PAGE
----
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Radical Reset: Facilitating Empathy and Ethics in Public Administration Praxis and Pedagogy

The views expressed are those of the author and do not necessarily reflect the views of ASPA as an organization.

By Karen D. Sweeting
October 17, 2022

We are recovering from a global pandemic and reckoning with attacks on civil rights, human rights, women’s rights, voting rights, climate change, economic inflation, global strife and war. Many are grappling with the loss of loved ones, health issues, mental health, displacement, brain fog and isolation, while others are ready for some sense of normalcy. Radical reset calls for the facilitation of empathy, equity and ethical responsibility and obligation in public administration praxis and pedagogy to reckon with our current reality and political and partisan polarization. In an upcoming special issue of Public Integrity, the 4Es: Empathy, Equity, Engagement, and Ethics, contributors offer insightful ways to engage academics and practitioners to foster the 4Es. Kris Norman-Major (2021) in How Many Es? What Must Public Administrators Consider in Providing for the Public Good? argued that the 3Es of economy, efficiency and effectiveness and the new 4Es of engagement, empathy, equity and ethics are all essential to public service, but there is much work to be done.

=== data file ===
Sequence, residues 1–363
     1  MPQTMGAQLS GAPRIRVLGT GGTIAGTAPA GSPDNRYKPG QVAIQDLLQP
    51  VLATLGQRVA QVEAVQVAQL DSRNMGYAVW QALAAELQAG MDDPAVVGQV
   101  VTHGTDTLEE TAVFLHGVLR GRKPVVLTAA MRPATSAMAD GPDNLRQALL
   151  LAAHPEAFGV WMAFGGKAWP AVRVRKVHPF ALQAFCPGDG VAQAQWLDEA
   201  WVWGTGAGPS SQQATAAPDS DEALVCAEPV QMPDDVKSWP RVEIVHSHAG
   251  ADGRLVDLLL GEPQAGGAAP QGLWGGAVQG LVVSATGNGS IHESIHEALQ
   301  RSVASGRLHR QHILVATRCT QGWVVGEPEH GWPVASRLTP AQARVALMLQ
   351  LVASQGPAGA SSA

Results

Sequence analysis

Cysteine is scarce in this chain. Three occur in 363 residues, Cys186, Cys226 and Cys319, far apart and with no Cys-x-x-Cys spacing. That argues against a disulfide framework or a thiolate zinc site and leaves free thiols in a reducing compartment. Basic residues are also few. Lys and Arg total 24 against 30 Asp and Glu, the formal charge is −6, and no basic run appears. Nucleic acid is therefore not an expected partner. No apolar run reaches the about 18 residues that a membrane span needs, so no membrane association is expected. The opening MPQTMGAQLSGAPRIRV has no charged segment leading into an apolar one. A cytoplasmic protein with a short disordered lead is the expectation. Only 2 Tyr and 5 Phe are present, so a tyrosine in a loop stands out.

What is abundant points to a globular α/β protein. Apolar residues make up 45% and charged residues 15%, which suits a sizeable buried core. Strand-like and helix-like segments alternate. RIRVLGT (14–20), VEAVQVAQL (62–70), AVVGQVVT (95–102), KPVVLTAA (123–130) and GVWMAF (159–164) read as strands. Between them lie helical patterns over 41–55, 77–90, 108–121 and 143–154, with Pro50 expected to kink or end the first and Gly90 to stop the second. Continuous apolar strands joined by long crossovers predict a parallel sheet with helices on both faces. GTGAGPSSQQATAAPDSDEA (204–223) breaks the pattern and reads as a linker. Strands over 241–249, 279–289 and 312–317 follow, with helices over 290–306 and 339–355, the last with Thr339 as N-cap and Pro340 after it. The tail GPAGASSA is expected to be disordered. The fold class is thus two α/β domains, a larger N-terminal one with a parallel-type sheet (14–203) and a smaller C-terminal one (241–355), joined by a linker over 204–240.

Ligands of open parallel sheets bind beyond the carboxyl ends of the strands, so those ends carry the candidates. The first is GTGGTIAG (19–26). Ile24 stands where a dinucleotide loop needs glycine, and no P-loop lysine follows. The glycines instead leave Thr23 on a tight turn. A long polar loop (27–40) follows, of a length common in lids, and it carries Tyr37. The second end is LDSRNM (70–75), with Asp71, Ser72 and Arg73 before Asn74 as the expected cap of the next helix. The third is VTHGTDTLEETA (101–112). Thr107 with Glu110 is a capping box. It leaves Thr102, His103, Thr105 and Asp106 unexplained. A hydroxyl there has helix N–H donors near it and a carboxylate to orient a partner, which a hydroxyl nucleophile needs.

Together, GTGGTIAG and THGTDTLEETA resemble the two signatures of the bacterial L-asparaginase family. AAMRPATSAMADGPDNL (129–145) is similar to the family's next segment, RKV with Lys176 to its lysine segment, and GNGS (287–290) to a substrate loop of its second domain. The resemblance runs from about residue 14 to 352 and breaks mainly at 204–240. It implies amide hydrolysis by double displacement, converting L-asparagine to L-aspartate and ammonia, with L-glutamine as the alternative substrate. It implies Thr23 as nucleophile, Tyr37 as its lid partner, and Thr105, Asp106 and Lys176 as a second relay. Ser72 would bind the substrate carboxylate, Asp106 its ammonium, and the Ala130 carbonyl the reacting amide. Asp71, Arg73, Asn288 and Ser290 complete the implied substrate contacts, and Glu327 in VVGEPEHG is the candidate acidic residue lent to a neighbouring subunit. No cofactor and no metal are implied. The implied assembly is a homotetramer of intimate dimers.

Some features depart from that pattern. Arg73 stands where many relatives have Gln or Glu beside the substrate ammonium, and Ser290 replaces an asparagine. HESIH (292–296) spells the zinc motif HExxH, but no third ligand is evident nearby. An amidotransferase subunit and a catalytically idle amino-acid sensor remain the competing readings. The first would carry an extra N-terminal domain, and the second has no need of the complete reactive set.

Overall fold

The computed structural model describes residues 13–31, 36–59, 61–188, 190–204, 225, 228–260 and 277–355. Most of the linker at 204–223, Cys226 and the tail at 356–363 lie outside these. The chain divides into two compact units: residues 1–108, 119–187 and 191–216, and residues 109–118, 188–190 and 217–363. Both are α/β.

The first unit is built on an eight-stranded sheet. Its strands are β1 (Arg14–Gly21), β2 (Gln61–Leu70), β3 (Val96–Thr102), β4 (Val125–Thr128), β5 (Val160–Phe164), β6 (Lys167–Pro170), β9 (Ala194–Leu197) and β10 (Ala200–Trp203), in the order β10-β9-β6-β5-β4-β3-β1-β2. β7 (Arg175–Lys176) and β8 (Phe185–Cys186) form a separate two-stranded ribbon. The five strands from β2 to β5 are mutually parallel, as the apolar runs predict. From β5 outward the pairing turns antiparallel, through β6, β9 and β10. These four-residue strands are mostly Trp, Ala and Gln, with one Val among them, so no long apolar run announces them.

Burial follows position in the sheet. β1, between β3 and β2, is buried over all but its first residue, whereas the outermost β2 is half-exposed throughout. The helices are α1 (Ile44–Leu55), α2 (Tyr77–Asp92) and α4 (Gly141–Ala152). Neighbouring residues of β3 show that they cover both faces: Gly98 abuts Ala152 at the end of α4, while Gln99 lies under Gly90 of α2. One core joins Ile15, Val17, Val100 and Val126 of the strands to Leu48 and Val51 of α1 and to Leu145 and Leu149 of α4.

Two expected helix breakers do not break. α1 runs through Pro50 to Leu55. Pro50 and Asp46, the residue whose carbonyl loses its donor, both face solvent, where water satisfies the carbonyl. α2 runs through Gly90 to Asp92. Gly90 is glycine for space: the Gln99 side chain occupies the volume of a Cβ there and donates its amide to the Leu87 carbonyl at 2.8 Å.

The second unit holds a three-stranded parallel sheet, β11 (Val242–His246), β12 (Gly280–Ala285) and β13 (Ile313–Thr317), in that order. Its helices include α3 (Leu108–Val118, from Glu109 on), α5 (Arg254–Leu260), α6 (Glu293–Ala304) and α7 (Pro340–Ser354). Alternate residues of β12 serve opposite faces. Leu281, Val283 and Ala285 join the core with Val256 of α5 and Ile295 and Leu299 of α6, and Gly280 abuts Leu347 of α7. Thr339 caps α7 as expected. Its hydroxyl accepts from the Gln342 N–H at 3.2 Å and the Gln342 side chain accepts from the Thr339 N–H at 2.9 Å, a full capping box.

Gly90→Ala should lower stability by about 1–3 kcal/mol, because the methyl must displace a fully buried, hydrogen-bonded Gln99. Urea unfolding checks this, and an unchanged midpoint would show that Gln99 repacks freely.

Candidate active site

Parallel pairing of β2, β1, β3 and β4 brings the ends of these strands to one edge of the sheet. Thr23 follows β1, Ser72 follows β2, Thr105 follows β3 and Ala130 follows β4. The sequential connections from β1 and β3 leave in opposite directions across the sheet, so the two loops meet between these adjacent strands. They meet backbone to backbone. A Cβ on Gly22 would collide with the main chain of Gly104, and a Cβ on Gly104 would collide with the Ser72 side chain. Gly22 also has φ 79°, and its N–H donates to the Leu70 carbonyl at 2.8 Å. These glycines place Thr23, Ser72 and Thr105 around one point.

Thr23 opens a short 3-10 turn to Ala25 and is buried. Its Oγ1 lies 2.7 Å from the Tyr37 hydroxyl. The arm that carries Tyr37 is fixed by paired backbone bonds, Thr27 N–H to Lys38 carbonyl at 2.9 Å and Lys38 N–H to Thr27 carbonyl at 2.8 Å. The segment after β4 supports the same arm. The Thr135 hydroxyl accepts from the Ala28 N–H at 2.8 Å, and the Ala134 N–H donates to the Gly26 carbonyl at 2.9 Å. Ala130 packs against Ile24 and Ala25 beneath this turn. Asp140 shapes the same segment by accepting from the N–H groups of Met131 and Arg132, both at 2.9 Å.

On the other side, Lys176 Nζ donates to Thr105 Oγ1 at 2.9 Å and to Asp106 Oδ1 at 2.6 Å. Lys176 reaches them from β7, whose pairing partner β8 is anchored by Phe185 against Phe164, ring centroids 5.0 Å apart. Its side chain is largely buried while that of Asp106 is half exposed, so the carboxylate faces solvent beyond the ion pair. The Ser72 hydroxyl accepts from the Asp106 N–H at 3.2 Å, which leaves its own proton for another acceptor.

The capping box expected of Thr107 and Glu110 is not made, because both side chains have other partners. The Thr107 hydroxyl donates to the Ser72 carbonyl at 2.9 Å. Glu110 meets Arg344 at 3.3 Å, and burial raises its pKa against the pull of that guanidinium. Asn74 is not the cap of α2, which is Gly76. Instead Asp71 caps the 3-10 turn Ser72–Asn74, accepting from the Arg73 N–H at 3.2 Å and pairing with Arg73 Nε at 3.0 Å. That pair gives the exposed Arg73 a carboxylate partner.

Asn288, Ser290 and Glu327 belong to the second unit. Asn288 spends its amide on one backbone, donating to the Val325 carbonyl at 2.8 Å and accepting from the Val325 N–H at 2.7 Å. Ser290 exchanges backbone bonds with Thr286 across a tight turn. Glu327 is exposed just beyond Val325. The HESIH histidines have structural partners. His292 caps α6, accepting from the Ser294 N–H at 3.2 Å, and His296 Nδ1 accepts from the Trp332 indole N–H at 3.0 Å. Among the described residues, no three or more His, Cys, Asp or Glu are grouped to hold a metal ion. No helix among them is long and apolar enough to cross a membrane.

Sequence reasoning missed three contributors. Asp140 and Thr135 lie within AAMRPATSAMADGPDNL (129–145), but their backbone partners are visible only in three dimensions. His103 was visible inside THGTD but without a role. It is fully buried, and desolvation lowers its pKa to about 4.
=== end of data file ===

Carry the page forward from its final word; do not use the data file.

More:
Empathy, equity and ethics need more weight in practice and pedagogy. Ethics at their simplest, reflect thoughtful concern for standards of right and wrong. There are different approaches to guide how to understand and address ethical dilemmas and ponder the implications for ethical action. Empathy engages emotional awareness and sensitivity to understand, appreciate and share the feeling of others by requiring selflessness. Real empathy according to Delgado (1996) in Rodrigo’s Eleventh Chronicle: Empathy and False Empathy, takes us beyond our own needs and understanding to recognize our biases and reaction to others in distress based on how we perceive the normalcy or abnormalcy of given situations.

Gallup (2022) in The State of the Global Report noted that only 33 percent of the workforce reported feeling engaged. Employees in the United States and Canada reported experiencing daily negative emotions in the workplace: worry 41 percent, daily stress 50 percent, daily anger 18 percent and daily sadness 22 percent. Many of us are emotionally exhausted as we commit ourselves as human beings to the profession recognizing that empathy, equity and ethics in public service practice and pedagogy make a difference. Sweeting (2022) in Strategies to Foster Engagement, Empathy, Equity and Ethics in Public Service: A Conceptual Model for Public and Nonprofit Administrators advocated for more actionable and responsive practices to focus on the experiences and outcomes of the people we serve. We must find creative ways to move beyond present tenets and constructs to:

  • facilitate ethical leadership engagement, empathy and responsiveness
  • specify strategic and operational goals
  • incorporate cultural awareness and sensitivity in policies, practices, programs and procedures